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Document Type

Article

Publication Date

1-2010

Publication Citation

62 Federal Communications Law Journal 77 (2010)

Abstract

Network neutrality has become a contentious issue both in Europe and the United States. Regulators on both sides of the Atlantic face digital divides in their society, and are confronted with potentially conflicting policy goals-to incentivize private investment in next-generation broadband while maintaining "neutral" and competitive broadband networks.

This Article compares nascent American and European network neutrality policy in terms of regulatory error costs. Emerging markets, such as broadband, are more likely to be affected by regulatory errors, and these errors have graver consequences in emerging markets than in regular markets. U.S. telecommunications policy traditionally has advanced a trial-and-error approach of categorical intervention against specific regulatory errors. However, analysis shows that categorical regulation misrepresents the complexity of network neutrality and emerging broadband markets. European policy, on the other hand, may have the potential to employ a dynamic regulatory mechanism that allows for targeting more regulatory errors at once; however, it fails to live up to this promise with network neutrality.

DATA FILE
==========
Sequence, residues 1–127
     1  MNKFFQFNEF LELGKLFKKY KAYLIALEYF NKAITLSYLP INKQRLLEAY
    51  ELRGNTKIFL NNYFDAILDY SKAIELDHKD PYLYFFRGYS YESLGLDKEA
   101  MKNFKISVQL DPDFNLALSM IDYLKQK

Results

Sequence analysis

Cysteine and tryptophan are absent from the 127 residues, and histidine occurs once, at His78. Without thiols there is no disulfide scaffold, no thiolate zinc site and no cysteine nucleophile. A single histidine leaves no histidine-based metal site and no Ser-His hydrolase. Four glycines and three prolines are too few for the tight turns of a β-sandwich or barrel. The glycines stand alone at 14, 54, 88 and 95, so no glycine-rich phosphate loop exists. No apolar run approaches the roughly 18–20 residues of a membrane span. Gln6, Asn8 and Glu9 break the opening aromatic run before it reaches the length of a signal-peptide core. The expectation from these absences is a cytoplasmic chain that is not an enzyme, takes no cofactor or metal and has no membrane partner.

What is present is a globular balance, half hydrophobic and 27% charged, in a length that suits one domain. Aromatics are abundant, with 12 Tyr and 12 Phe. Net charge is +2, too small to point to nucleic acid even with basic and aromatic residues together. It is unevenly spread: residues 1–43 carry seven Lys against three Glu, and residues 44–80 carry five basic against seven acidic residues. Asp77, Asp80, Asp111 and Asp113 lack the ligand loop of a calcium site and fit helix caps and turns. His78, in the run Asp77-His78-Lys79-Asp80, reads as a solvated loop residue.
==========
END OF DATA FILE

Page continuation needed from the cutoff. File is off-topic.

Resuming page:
Therefore, this Article recommends that U.S. policymakers develop an analytic and dynamic regulatory model for network neutrality, which builds on European precedent yet learns from European regulatory mistakes. A practical reform scenario suggests that such a model is best implemented by the FCC, which has the opportunity to draft a comprehensive national broadband plan under the Recovery Act. With regard to its national broadband plan, the FCC should position itself to monitor broadband markets and deal with network neutrality in a flexible and transparent manner.